Pacific Rim Highway to Tofino
It was then we began on our journey further northwest. With our destination of Tofino circled on a paper map, we traced the road to match the pencil lines of our plan. The Pacific Rim Highway to the remote west coast twists through the island’s central sierras, each corner revealing a peak more awe inspiring than the last, like a series of curtains raising for each new audience. We sat with our jaws open as we drove, writhing forward in our seats to digest it all, even bursting out of the window when the roof obstructed the view overhead. Snow Creek was a memorable stop; the pop of the brightest aqua appeared like ribbons through the trees as it rushed over large white pebbles of the creek’s floor like glass.
Driving further, the fog at dusk hung low amongst the slick, black rocks of Kennedy River, set against a deep blue sky like some kind of gothic fairytale. We made our home on the shores of MacKenzie Beach that night, and built a fire on the sand to bid ourselves goodnight.
Hot Springs Cove
The next morning, we took a boat. We had heard of a cove on an island further north, not accessible by car or foot that might just be the ultimate escape. For two hours we cruised the the ocean from Tofino to Maquinna Provincial Park, the waterway dotted with native islands where only wolves and the wild reigned supreme. ‘Hike thirty minutes through the old growth jungle and you’ll find them’, were our only instructions from the captain, as he left us on the pier. The springs emerged from the forest amongst billowing clouds of steam and cascaded down into a succession of pools into the icy waves of the ocean. The baths warmed our toes and our bones from inside, out, and after soaking, we braved the cold and submerged our bodies in the salt of the ocean, like an initiation; welcome to the supernatural.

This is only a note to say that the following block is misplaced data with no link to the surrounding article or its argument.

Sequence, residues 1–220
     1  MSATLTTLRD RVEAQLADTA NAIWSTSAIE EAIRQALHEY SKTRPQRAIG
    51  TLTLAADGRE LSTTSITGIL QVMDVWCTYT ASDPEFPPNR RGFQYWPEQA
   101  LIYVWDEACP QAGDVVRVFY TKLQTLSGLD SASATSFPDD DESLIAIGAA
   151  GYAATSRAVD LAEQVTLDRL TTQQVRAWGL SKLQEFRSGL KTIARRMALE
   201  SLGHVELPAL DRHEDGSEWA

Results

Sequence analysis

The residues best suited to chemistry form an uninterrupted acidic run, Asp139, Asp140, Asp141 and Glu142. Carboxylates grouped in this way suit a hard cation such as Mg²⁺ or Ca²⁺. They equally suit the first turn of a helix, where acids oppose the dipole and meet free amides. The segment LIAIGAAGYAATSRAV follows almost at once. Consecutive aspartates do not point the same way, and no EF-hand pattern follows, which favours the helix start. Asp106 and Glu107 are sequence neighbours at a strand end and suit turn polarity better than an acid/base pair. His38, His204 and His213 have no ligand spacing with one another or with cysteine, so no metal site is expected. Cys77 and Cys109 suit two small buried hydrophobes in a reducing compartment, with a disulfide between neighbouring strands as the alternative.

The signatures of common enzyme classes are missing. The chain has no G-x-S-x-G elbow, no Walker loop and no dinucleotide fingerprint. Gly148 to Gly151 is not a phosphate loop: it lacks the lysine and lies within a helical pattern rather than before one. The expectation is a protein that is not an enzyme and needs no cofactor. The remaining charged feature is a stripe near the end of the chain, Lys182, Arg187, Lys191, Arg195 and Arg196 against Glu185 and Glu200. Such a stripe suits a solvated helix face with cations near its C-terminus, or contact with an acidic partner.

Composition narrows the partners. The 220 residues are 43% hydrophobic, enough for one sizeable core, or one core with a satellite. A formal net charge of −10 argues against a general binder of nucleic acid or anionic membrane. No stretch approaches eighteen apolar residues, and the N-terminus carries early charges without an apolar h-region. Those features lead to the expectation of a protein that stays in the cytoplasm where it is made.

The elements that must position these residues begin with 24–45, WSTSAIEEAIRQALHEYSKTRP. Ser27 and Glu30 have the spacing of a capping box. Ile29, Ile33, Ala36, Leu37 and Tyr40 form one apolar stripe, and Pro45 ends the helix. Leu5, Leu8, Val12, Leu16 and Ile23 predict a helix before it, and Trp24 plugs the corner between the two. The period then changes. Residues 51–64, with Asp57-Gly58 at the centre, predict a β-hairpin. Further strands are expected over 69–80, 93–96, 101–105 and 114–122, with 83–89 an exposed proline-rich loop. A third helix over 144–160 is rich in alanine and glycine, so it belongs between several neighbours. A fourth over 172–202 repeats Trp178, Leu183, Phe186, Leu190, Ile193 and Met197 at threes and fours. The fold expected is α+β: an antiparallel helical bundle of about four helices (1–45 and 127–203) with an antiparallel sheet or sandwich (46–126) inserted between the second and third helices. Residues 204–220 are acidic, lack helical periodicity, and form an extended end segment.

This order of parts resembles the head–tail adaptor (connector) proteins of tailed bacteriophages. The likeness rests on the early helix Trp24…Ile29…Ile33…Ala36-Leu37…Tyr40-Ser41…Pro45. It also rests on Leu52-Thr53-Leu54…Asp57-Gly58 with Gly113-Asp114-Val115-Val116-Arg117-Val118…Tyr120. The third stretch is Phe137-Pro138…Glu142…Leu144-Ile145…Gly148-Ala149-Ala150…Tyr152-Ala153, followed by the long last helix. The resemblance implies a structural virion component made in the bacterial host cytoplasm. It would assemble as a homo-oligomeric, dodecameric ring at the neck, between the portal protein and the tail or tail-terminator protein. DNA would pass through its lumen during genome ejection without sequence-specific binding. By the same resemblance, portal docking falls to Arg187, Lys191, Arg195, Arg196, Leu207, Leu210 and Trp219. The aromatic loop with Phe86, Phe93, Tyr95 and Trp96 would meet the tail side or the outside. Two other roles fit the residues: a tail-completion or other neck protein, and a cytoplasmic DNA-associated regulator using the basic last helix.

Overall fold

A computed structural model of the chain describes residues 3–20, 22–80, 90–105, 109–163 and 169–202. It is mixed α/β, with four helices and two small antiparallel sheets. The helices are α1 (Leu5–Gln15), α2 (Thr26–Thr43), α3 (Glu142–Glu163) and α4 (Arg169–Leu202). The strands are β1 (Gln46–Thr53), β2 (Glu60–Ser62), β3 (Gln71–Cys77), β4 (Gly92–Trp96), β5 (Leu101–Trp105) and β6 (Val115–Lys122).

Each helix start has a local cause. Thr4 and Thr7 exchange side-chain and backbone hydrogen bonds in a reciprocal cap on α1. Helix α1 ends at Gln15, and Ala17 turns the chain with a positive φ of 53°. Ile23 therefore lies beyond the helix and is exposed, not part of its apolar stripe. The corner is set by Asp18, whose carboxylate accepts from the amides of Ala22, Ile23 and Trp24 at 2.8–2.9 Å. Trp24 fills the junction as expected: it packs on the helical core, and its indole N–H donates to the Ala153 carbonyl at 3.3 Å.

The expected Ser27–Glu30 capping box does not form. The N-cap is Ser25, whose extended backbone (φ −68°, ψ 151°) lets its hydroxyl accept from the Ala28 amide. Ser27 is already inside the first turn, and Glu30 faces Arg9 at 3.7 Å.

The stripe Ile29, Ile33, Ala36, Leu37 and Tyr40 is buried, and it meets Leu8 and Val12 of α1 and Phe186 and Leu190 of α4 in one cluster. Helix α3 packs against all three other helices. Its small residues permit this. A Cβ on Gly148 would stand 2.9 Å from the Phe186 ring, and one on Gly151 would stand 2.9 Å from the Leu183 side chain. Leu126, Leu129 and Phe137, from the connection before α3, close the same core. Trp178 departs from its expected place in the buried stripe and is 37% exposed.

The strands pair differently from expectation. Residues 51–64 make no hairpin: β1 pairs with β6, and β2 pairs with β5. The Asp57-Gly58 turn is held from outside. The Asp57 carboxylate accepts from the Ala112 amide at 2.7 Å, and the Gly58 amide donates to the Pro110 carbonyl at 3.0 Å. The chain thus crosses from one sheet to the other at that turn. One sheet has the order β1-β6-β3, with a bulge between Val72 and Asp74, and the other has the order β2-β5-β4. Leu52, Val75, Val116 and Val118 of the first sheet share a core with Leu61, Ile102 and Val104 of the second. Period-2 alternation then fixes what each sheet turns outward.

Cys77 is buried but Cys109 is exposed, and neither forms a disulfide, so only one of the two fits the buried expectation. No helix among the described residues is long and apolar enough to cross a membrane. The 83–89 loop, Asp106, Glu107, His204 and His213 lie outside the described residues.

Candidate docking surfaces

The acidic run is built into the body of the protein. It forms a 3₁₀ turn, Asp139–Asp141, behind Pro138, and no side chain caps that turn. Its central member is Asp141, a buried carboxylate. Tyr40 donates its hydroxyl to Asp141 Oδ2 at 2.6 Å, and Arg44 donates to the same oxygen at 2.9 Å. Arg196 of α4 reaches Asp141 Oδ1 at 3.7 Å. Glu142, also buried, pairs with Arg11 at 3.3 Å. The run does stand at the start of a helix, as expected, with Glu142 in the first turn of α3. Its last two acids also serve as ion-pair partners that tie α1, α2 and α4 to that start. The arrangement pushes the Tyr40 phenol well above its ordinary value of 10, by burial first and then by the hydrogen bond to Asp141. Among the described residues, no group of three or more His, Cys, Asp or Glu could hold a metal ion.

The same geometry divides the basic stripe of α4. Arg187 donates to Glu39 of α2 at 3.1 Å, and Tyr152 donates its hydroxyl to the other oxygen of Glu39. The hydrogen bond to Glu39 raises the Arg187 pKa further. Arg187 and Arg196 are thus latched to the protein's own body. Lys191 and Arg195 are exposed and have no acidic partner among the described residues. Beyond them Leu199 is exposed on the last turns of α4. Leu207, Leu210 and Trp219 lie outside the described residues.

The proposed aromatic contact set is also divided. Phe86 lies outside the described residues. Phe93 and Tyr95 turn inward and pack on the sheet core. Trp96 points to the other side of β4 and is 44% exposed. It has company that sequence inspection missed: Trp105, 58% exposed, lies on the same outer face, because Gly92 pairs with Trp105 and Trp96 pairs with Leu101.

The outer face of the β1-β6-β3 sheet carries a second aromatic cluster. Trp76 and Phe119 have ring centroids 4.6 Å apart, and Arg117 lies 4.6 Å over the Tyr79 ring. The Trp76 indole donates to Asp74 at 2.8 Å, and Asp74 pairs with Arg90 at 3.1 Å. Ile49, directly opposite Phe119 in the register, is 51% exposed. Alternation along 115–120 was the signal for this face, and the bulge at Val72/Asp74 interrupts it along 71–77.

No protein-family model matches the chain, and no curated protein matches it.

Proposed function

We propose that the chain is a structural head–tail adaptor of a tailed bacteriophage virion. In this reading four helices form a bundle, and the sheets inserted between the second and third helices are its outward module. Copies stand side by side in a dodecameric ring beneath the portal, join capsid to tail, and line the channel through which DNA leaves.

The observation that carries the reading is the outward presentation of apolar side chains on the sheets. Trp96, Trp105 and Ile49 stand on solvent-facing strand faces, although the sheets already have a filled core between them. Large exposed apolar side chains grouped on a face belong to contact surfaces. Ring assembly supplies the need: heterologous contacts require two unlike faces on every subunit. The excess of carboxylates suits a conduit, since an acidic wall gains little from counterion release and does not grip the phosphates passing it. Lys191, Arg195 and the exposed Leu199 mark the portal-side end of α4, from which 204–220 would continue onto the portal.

Sea To Sky Highway & Joffre Lakes
Taking the ferry back to the mainland and thirty minutes outside of the city, Vancouver’s natural beauty shines bright with the Sea to Sky Highway drive north. The scenic route to the popular destinations of Squamish and Whistler is a corridor of towering cliffs and lucid sea that hug the road to the left and right, alongside the picturesque Porteau Cove and many bays beyond. Fog hovers in mid air as the tide slowly creeps in to cover the pebbled shore and clutter of beached maple trunks.
Another 2 hours north, we’re almost above the clouds in elevation and we arrive at Joffre Lakes. Suspended in the valleys of the jagged Coast Mountain Range below a boundless backdrop of dusted white mountains, lie 3 pools of milky turquoise, each more saturated and sensational than the last. We hiked for 4 hours that day; the steep incline and treacherous trails made our legs weak but our excitement pushed us further. The color, caused by glacial silt suspended in the water reflecting green and blue wavelengths of sunlight, continued to glow as the sun sank lower and lower, stretching the day’s light. We were the last ones on the trail as we tried to memorize this moment in our minds for keeps.
Olympic Peninsula & Hoh Rain Forest
Romantically wild. It’s the wettest, the greenest, the most magical of the northwest. Re-entering the US and traversing through Seattle, we stopped to pick up supplies before starting on the loop of Washington’s Olympic Peninsula.